- At what points are expectations reversed? (The men’s expectation of their combat instructor; the chain gang members and their guards when the airmen make an emergency landing; when they meet their new commander in North Africa…) Compare the racist major’s demand that the airmen retake their examination with that of the school board requiring the Hispanic students to retake their math tests in Stand and Deliver.
- What do you think of Sen. Conyers’ “scientific study of Negro inferiority”? How was this typical of the budding science of genetics, both in this country and in Germany at that time? How is the Senator typical of a large block of Congressmen, even during the Sixties? Did he ever seem interested in the truth? How were the facts twisted around and used against the airmen?
- What did you think of the Senate Hearing? Again, how do we that not all whites were prejudiced? How does the African American officer win the Committee over?
- Why do you think the white bomber captain refuses to believe his co-pilot from California that “colored” airmen came to their rescue? Have you heard similar claims by whites, “I’m from Texas, and I know the colored!”? What does he really know about “the colored,” even though he has lived closer to them physically than northern whites? A good poem to look up and share is Paul Lawrence Dunbar’s “We Wear the Mask.” I experienced this in 1964 when I was a civil rights worker in Mississippi and picked by an old African American hitchhiker. At least 40 years older than me, he used “Sir” whenever responding vaguely to my questions. However, when he learned that I was with the Movement, he dropped the “Sirs” and began to talk frankly. There was an angry edge in his voice when he told me, “These white folks here—they think they know us! They don’t at all!”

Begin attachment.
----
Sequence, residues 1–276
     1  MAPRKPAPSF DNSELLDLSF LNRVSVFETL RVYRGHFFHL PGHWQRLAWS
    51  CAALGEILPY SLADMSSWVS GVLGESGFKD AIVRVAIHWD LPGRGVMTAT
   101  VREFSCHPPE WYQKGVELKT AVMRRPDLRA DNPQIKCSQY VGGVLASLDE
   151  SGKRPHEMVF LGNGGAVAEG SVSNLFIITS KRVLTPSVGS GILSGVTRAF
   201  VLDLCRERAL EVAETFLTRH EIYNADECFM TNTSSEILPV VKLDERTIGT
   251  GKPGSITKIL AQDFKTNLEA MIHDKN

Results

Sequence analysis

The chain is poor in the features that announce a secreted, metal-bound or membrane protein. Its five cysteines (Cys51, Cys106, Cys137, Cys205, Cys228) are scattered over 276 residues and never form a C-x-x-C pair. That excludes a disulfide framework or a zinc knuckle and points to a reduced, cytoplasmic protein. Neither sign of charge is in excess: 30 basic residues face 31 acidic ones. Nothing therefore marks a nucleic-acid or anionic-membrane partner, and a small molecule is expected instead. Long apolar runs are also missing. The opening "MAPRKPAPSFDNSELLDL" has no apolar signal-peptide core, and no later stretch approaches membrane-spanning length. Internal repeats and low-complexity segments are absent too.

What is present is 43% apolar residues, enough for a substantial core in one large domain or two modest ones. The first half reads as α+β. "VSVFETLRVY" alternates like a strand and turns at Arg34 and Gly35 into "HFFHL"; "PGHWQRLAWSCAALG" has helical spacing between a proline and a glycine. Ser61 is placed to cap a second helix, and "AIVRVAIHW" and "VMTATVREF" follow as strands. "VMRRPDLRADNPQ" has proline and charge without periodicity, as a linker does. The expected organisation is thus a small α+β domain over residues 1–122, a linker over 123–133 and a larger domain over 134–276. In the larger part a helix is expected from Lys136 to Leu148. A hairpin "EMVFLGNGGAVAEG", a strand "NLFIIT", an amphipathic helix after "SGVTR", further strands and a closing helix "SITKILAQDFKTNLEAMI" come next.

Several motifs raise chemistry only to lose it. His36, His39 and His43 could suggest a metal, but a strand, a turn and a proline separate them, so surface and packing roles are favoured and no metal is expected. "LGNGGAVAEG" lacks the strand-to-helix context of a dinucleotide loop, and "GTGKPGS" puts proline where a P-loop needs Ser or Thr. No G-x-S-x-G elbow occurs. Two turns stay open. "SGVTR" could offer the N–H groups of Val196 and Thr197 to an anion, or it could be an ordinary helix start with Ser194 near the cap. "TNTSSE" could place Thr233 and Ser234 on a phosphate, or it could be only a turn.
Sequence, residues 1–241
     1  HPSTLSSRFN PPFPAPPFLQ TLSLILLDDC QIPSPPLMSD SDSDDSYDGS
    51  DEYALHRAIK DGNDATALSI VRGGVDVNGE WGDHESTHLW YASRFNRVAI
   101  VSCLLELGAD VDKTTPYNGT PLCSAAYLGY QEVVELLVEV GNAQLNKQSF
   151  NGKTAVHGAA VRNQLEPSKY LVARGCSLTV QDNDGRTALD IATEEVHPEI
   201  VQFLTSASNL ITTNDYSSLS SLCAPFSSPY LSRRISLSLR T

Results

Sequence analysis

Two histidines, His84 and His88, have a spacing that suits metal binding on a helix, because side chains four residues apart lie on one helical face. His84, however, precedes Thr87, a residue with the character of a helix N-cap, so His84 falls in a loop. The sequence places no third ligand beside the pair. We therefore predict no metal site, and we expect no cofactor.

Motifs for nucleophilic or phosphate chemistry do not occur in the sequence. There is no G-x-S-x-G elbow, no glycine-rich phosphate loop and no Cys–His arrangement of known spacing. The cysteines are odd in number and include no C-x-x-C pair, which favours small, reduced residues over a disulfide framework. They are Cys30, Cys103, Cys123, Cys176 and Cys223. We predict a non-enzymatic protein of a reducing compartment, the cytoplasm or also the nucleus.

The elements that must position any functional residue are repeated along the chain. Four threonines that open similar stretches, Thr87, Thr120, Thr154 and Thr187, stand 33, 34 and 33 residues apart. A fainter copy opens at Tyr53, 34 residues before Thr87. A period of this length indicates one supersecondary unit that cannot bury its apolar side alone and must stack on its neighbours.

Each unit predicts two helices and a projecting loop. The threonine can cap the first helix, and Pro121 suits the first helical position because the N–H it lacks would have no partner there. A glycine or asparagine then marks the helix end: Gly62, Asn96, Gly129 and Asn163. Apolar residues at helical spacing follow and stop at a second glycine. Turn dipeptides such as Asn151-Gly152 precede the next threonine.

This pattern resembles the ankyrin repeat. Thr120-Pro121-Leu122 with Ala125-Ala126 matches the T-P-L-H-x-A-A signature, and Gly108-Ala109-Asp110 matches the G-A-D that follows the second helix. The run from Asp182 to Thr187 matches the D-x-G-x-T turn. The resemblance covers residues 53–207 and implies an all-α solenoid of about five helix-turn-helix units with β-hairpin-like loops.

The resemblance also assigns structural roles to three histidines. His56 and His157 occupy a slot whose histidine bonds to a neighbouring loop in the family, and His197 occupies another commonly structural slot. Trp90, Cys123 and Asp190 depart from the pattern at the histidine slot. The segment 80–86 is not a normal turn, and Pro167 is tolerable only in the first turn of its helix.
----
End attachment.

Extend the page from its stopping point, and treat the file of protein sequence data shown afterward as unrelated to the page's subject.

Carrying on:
- How do the Tuskegee airmen earn the respect at last of the white bomber pilots? How did they always carry an extra burden on their shoulders throughout their careers?
- What does Hannibal Lee reply to “Why would you want to fight for a country that rewards you by lynching?” What symbolism do you see in the lighting as Lee, at the end of the film, walks through the door? How were he and other African American servicemen ready for the changes in American society that followed the events of the Montgomery Bus Boycott?
- For a Bible study, divide into groups of 2 to 4, and pass out slips of paper with one of the suggested Scripture references printed on them. Ask them to discuss how the passage relates to the film. Allow for 10 to 15 minutes of reading and discussing, and then call everyone together to share their observations.
For groups interested in discussing the morality of war, the following might provide food for thought:
In a briefing the commanding officer speaks of the “unacceptably high” casualties suffered by the bombing squadrons—in one raid 1 in 3 of the bombers were shot down, 600 men in all. This is a side issue, but do such films ever deal with the civilian casualties of such bombing raids? Especially when, as at Dresden and later at Tokyo and other Japanese cities, firebombing became a tactic that resulted in tens of thousands of civilian deaths? How is a Christian to reconcile the reality of war within the definition of what constitutes a “just war”? (I.e., one in which civilian lives are spared when possible.)